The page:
Posted by: yujingx99 | November 2, 2020

“I see it, I deduce it”: Visual Practices in A Scandal in Bohemia

As readers of Othello would know, the ocular proof can be badly abused. Arthur Conan Doyle’s short story “A Scandal in Bohemia” occupied by stalking, overseeing and disguising presents various visual practices that shed light on the problems in ways of seeing.
Voyeur? Prying from outside the window
The window is a nexus between the private and public spheres. Its transparency seems to expose the dweller unconscious of an outdoor observer. Standing below Holmes’ window, the dweller becomes a passive subject of Watson’s gaze: “[his] rooms were brilliantly lit, and, even as [Watson] looked up, [Watson] saw his tall spare figure pass twice in a dark silhouette against the blind.” On the next day we find Holmes outside Briony Lodge, prying into the windows of Irene Adler. The “machine” observes his subjects in the house with his “high-power lenses”. However, what he captures is no different from silhouettes, for the internal content of his subjects remains dark, solid, and therefore indecipherable. As Watson demonstrates, the brighter the surroundings, the darker the person. If the scandal of Adler and the King of Bohemia is about a private photo misplaced in public, what they would have faced a publicly practised voyeurism. As the torrent of public opinion surrounds them, their individual character is increasingly neglected and invisible and their images nailed based on an ephemeral moment in life.
Portraitist? Painting pictures in the mind
Other than spatial implications, the story also has highly visualising descriptive language. Watson meticulously and closely describes the costume of the King of Bohemia on his first arrival at 221B Baker Street, generalising the impression as “barbaric opulence”. He also deduces the King’s “strong character” from his weighty appearance. Although his description paints a thorough picture of the King, here he assumes the position no different from the coloniser who fancies the exotic as the barbaric (the characterisation of Irene Adler also has exotic undertones). The dichotomy between the visual and the mental is also underlined and confused through the King’s description of Irene Adler: “she has the face of the most beautiful of women, and the mind of the most resolute of men”. It is as if beauty is a natural inclination of women and intellect is exclusive for men. Watson and the King’s textual (re)creations of the pictures they see undergo their own biases, revealing the disparity between different mediums. As they introduce people unknown to their audience, they assume the role of a portraitist who, merges his own perspective with the image of his subject. Sometimes mental pictures are painted before proven by visual evidence. For instance, Watson says that “[the] house [of Irene Adler] was just such as I had pictured it from Sherlock Holmes’ succinct description”, and Holmes is sure about the identity of Godfrey Norton at first glance through his correspondence with former descriptions.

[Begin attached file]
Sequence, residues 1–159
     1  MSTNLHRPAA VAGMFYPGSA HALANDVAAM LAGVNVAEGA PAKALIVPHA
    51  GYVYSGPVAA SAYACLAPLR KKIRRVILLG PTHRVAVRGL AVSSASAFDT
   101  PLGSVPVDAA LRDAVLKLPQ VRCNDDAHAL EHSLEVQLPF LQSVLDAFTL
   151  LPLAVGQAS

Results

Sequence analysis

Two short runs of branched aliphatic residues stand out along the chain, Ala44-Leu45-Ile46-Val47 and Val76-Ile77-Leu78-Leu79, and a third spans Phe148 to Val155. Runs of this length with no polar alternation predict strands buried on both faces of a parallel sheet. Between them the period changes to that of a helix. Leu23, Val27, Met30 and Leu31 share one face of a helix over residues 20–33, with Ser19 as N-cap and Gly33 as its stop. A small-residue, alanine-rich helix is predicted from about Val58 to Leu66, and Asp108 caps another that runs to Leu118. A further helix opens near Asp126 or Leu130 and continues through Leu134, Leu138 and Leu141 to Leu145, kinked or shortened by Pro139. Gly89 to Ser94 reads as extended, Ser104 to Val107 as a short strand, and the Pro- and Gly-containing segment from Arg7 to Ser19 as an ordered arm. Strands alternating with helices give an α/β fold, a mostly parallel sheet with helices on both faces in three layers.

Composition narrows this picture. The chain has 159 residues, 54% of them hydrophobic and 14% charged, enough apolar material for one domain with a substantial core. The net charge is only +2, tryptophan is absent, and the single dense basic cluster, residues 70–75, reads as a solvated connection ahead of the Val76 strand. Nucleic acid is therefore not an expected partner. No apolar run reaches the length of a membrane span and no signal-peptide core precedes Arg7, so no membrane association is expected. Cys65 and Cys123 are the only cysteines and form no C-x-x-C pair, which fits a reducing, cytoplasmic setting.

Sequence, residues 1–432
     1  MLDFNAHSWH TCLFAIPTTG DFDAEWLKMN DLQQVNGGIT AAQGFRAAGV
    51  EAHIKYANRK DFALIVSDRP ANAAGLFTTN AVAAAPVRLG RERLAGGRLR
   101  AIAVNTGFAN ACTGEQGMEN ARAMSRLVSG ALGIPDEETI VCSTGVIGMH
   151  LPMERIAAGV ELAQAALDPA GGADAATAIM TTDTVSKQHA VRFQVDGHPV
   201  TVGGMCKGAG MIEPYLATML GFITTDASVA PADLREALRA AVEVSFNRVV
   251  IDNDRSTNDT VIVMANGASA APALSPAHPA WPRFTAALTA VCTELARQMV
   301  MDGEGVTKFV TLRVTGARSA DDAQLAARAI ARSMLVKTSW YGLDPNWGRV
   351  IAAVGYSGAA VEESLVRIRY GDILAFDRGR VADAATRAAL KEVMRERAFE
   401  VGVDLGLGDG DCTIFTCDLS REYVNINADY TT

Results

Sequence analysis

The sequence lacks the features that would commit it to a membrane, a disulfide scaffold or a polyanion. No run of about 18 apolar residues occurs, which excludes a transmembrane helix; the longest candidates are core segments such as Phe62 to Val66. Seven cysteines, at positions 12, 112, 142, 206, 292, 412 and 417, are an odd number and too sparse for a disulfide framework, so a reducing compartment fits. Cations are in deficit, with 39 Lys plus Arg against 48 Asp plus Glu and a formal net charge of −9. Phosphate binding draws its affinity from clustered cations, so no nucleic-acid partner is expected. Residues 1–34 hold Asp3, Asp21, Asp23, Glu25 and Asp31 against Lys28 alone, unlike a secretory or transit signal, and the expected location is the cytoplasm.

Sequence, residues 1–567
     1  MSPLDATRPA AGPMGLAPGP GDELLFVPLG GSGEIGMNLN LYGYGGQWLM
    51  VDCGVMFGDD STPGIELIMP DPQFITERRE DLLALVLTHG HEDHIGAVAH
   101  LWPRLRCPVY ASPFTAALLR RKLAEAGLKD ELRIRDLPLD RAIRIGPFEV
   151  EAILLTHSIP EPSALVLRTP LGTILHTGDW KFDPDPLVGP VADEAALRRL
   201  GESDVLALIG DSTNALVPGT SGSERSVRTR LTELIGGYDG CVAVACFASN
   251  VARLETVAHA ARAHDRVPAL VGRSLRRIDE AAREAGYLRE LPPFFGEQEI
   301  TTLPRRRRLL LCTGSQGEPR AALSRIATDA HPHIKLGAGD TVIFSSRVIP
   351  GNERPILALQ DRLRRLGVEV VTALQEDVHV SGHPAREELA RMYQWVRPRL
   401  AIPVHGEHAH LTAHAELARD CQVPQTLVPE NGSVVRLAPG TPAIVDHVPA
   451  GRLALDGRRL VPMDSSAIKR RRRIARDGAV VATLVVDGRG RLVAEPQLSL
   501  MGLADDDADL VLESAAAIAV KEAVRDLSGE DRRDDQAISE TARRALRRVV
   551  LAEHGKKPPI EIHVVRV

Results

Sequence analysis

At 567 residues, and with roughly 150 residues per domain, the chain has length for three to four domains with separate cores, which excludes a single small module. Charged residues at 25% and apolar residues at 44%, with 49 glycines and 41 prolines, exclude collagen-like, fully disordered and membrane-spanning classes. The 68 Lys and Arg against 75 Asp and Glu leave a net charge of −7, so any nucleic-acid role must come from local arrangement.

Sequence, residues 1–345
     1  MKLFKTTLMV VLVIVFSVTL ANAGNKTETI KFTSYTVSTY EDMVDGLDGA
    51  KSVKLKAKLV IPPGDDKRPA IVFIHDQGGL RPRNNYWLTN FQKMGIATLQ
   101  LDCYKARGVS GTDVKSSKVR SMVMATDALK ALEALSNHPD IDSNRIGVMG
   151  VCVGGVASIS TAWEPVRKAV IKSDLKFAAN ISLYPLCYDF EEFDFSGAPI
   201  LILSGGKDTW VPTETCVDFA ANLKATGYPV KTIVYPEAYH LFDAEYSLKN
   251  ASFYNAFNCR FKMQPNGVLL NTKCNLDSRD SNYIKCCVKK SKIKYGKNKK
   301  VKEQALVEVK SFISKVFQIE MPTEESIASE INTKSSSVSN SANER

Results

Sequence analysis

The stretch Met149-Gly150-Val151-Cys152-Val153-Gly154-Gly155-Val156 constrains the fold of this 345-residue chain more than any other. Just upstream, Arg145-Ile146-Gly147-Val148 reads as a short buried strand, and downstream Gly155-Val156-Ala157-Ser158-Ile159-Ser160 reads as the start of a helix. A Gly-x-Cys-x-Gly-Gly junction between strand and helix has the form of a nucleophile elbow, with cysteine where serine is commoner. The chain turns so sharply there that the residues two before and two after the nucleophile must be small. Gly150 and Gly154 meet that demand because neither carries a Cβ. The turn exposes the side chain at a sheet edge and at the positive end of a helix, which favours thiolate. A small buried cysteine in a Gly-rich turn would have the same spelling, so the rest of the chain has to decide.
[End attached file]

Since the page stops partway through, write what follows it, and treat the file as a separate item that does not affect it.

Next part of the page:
Disguiser? Learning the truth through writing
Watson describes Holmes’ disguise as clergyman as such: “[his] expression, his manner, his very soul seemed to vary with every fresh part that he assumed. The stage lost a fine actor, even science lost an acute reasoner, when he became a specialist in crime.” Holmes’ disguise borrows a social identity while not assuming its function and responsibility. It is a visual mimesis that relies on stereotypical traits of a certain group, which only tricks the eye. He attempts to use this strategy to finally steal the photo from Irene Adler’s house, only to find the latter more professional than him. Disguise reveals the constructiveness of identity and of reality, something that Holmes attributes to writing, through which the final truth is ironically revealed to him. In the beginning of the story, he rightly deduces the identity of the King of Bohemia through his letter. However, when he converses with the King, he is in total disbelief with writing:
[King:]“There is the writing.”
[Holmes:] “Pooh, pooh! Forgery.”
[King:]“My private note-paper.”
[Holmes:] “Stolen.”
[King:]“My own seal.”
[Holmes:] “Imitated.”
Conscious of the disguise of words, Holmes turns to the ocular proof. However, as a sophisticated disguiser, he should learn the latter’s authenticity is rather parallel to the former, instead of complementary.

Works Consulted
Primary source:
Doyle, Arthur Conan. “A Scandal in Bohemia.” Strand Magazine, July, 1891. E-version by Stanford Continuing Studies, 2016.
Secondary sources:
Colin, Williamson. “The Curious Case of Sherlock Holmes.” Hamlet Lives in Hollywood: John Barrymore and the Acting Tradition Onscreen, edited by Murray Pomerance and Steven Rybin, Edinburgh University Press, Edinburgh, 2017, pp. 35–46.
Miller, Elizabeth Carolyn. “Private and Public Eyes: Sherlock Holmes and the Invisible Woman.” Framed: The New Woman Criminal in British Culture at the Fin De Siecle, University of Michigan Press, Ann Arbor, 2008, pp. 25–69.


Responses

  1. Hi Yujing! This is a really excellent read, thank you for posting it. Your use of quotes from the short story is so well thought out and really helps to illuminate the points you’re making, which are already very clear. Your points about the implicit bias present in both Watson and the King’s visualization of events and the way that characters’ descriptions of one another and the environment affect the ways they interact with one another are really, really interesting. Thank you so much for sharing! 🙂

    • Charlotte, I’m glad you like the post. Thanks for commenting!


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